An alternative strategy is the Buffett type approach: we exit when the reasons for the trade are no longer valid. I know of some traders who are very successful using this method. But, it’s not for me. I’ve seen too many wipeouts to be comfortable with it

More tomorrow…….

FIGURE 1 60-min EURJPY

 

The more things change, the more they stay the same

BarroMetrics Views: The more things change, the more they stay the same

Flashback: When I first started trading some 45 years ago, a very popular seminar was doing the rounds. The promoter promised ‘no loss trading’. His strategy called for ‘hedging’ a loss. By that I mean, you would take the side of the open position and hold it as an open position.

For example, I sell the AUDUSD at 0.7380. The pair moves up, and at 0.7410, I buy. Effectively that’s a loss of 30 pips. Instead of taking the loss, I hold open positions of short at 0.7380 and longs at 0.7410.

At some point, I lift the ‘hedge’ for one leg (usually the one in profit) and look for the other to retrace to breakeven. In Figure 1, the hedge is created in the ‘recover zone’: we have bought at the buy level and sold at the sell level. The market moves to the Profit Target, and we lift the buy leg. When the market moves to at least the recover zone, we lift the sell leg, thus allowing the trade to reduce the loss or to even breakeven on the trade.

I’ve done countless stupid things when trading, but accepting the ‘hedge’ insanity is not one of them. The fact is when you have a ‘buy’ and a ‘sell’, you have a closed postion, period. Moreover, when you ‘lift’ a leg, you are, at that point, instituting a fresh trade. To think otherwise is to engage in a self-deception of massive proportions! For example, when you lift the buy leg in the example above, you are in fact going short at the new sell price.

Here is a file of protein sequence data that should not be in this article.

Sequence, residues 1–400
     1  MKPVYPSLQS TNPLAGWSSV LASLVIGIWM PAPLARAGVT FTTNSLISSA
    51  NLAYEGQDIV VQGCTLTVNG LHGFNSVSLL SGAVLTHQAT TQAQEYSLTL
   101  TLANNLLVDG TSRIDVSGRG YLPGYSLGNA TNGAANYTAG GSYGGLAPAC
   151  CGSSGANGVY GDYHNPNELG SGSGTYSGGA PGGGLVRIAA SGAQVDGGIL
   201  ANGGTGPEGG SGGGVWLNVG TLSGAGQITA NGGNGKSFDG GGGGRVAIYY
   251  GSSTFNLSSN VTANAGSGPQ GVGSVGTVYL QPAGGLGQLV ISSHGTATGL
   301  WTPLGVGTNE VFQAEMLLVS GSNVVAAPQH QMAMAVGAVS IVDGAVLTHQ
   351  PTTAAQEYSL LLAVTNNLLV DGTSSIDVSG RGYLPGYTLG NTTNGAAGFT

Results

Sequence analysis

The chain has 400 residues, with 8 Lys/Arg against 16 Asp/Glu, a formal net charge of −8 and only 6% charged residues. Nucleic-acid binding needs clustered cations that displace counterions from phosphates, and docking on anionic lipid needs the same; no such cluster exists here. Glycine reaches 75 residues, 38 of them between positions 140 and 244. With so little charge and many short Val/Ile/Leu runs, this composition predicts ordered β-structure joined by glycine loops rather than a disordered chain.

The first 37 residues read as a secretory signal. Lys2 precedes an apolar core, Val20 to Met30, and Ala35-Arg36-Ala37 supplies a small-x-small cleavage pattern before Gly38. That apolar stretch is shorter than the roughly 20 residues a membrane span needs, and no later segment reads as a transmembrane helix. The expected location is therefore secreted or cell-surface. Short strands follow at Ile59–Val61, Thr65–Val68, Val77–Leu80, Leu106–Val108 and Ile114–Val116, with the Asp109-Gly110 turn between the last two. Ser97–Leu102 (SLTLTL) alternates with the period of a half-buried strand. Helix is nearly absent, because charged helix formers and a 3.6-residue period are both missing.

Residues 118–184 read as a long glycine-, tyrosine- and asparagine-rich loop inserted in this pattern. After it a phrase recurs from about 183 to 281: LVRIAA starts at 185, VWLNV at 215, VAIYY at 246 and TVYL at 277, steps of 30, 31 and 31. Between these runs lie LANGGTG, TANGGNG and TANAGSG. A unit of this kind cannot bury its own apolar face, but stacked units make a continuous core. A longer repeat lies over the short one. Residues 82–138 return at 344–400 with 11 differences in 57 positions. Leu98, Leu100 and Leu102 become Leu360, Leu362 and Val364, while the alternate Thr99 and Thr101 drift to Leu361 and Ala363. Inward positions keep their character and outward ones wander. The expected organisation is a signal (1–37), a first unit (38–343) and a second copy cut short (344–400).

Flash forward: The insanity continues.The

The other day I found that MT4 does not permit part exits of open positions, unless you use a market order – which means we need to be sitting in front of the computer to exit part of our position.

BUT MT4 does allow hedging!

Now if there were a demand for partial exits, I’d expect MT4 to provide it. The fact that it does not, but does allow for hedging, tells me much about the way retail trading is being conducted. No wonder over 90% are losing – they refuse to accept that losses are an integral of trading. As traders, our only choice is to limit losses; we cannot eliminate them.

FIGURE 1 Hedge Strategy

Why We Fail 3 – Putting It All Together 2

BarrosMetrics Views:  Why We Fail 3 – Putting It All Together 2

So, we’ve identified the traits we need. The key takeaway from the “Why We Fail 3 – Putting It All Together” is to behave in a manner consistent with the traits.

The next step is a two-fold process:

  1. Formulate a vision of what success means to us. Break the vision down into its component steps and identify what is needed to attain those steps.
  2. Survey our current reality to discover the gap between what is needed and what we have.
  3. Implement a plan of action to fill the gaps.

In implementing the plan of action, we use the skill-sets required to bring our vision into reality. This necessarily includes taking the nature of trading into account – in particular knowing that our focus has to be on the process rather than the outcome of any single trade. The outcome needs to measured over a large sample size else we mistake luck for competence.

Trading success is not easy. We can do all the ‘right’ things and still suffer drawdown periods.. On the flip side, it’s the most rewarding profession in the world. Success or failure is totally within our control, and it’s the only profession where the majority of the competitors are actively contributing to our profits. For me, it’s worth whatever effort it takes to be a success.

 

Why We Fail 3 – Putting It All Together

BarroMetrics Views: Why We Fail – Putting It All Together

In Why We Fail and Why We Fail 2, I outlined why trading creates, more than any other profession, failures and the qualities as well as the skill sets we need to become successful. Here, I’ll draw the strands together to create a model for success.

We start with the need for the commitment to do whatever it takes, add the willingness to move outside our comfort zone, and finally, have the integrity and self-honesty needed. Included in the three is the resilience to bounce back from the inevitable drawdown periods.

Too many start trading without appreciating that without these qualities no amount of knowledge will allow them to succeed. This was recently brought home when I again met John at my recent gig in Singapore.

John had attended one of my courses. His story was a familiar one: trading off his mobile, he bought when the 5-minute chart was up and sold when it was done. In the process, he lost over $100,000. For a while, after completing the course, John would attend all the free presentations I give in Singapore. I used to think that it was his way of supporting me for the extra guidance I had extended.